Then-Korean President Lee Myung-bak then raised the issue with then-Japan PM Noda Yoshihiko. But Japan declined to deal with the matter anymore because of the agreement signed in 1965. Being unable to have the issue settled, Lee lost face and decided to take a trip to Liancourt Rocks (Takeshima in Japanese; Dokdo in Korean) in 2012, and the comfort women issue became a territorial issue.

With the comfort women issue remaining unsettled, current Korean President Park Geun-hye has to deal with it. But all is fine for the Korean government because as long as they continue bugging Japan to show that they are “doing something about it,” they will not be charged for violating human rights. They can simply say, Japan refuses to do their part.

Meanwhile, back in 2002, the Japanese people who felt sorry for the former comfort women decided to use the Asian Women’s Fund, which was a fund from the general public to compensate the Korean women who suffered. Each of the former comfort woman was compensated approximately USD20,000 accompanied with a letter of apology from then-PM Koizumi Junichiro in 2002. The comfort women turned the money down, and Japan decided to raise the amount to USD30,000. While some of the comfort women then accepted the money, several others refused to accept it claiming that the money isn’t from the government and that the apology is not official.

These issues continue to this day, but as two of the bigger players of Asia’s economy, we sure hope that they can be resolved peacefully someday soon.

Secrets to the Punctual Japanese Buses

Have you ever wondered how and why the buses in Japan are more often than not, unfathomably punctual? If you think about it, it makes very little sense for a bus system to be so strict about time to be punctual. I know that seems to be a semantically null sentence, but hear me out.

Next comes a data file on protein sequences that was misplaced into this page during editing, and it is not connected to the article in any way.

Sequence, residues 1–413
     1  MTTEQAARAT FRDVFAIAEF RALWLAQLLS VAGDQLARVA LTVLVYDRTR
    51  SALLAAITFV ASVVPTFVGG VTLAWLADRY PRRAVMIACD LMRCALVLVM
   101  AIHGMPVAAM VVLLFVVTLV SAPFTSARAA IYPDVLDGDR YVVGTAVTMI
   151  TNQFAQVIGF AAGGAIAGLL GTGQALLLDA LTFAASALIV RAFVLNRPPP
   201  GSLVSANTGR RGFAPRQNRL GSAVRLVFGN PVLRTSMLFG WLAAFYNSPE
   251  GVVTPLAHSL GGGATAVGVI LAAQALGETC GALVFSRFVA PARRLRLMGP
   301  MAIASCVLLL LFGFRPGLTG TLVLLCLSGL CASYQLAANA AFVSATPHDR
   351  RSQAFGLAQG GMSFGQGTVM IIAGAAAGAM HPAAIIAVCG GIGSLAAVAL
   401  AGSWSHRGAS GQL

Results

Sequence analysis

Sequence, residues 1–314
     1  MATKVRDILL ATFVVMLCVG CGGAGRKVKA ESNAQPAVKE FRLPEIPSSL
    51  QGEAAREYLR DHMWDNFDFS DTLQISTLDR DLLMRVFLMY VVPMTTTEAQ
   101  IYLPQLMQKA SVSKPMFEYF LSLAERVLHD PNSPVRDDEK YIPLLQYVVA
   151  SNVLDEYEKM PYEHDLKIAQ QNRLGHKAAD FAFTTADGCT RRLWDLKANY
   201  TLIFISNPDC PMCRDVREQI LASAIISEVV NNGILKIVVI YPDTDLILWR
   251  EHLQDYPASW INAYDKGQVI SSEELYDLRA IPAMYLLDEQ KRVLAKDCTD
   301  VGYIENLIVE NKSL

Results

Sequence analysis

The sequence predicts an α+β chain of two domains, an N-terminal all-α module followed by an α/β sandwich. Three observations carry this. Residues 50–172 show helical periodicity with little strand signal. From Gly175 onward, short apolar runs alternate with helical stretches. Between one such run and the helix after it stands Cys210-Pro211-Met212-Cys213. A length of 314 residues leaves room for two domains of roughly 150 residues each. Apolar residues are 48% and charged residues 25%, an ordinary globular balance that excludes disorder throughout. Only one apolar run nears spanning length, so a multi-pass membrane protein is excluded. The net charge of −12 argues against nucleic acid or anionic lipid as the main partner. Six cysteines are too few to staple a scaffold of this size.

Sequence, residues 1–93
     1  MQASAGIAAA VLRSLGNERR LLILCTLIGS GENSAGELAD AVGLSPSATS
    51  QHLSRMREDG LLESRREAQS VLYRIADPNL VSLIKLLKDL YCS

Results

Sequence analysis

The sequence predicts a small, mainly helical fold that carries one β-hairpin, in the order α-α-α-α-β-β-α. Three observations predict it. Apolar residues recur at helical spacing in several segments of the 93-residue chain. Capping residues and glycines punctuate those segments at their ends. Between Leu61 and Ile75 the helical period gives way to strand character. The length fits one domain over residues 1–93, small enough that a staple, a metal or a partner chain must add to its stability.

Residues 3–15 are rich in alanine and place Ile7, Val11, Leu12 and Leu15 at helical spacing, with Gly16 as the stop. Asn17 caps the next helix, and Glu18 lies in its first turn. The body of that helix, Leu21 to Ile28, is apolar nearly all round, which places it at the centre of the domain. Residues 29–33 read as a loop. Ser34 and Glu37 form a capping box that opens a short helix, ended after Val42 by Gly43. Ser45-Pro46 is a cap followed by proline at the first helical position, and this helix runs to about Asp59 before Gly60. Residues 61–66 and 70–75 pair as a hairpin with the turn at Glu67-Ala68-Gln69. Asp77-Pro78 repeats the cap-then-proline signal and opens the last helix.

Japanese buses are so strict about time, that even if they arrive at a bus stop early, they will not leave until the scheduled time; even if there were no one at the bus stop, just so people who planned to take the bus at that time don’t miss it. And if you never leave a stop early, the likelihood of you constantly arriving at every bus stop on time decreases, right?

Never mind if that didn’t make sense.

If you’ve taken enough Japanese buses along busy roads, you may have noticed that these buses seem to be really lucky to hardly be caught by the red light. This is because, there are sensors at the front of buses and infrared beacons near traffic junctions where congestion is likely to happen such that whenever a bus nears a traffic light, signals are sent to a control center to prioritize traffic flow in the direction the bus is traveling by shortening red light time and/or extending green light time. This way, it gives people more reason take public transport since it supposedly has a smoother traffic flow although fewer than 10 percent of the population actually knew about this.

Device that sends bus’ location information to control center

Bus’ location information is sent to infrared beacon

Infrared beacon sends data to control center

Control center extends green light time/reduces red light time

So, technically speaking, while most people dislike driving behind buses (or large vehicles in general), it makes more sense to drive behind them knowing that they get priority green light. Needless to say (and I’m saying it anyway), do not drive behind them during restricted hours. If you do, they also have a sensor that detects your vehicle which will then display a warning sign on the panel at the back of the bus.

Amazing technology, eh?

Maybe Singapore can implement this to promote public transport usage.

4D Pornography – Attack on Tit


Sounds like it’s gonna be a bouncy and milky experience.